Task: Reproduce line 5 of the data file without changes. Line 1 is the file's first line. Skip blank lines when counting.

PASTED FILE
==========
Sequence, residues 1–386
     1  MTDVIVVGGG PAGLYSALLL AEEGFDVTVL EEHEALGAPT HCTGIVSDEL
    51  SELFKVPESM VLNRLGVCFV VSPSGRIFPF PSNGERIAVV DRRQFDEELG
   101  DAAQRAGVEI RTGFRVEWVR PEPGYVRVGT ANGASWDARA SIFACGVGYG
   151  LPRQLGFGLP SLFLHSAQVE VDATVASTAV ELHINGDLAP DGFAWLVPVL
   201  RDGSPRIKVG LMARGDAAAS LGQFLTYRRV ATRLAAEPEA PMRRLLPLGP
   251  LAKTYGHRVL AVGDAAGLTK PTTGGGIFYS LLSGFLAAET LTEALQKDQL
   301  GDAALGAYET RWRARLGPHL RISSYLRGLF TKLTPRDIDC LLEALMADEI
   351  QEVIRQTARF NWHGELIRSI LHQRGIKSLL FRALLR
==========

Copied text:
   151  LPRQLGFGLP SLFLHSAQVE VDATVASTAV ELHINGDLAP DGFAWLVPVL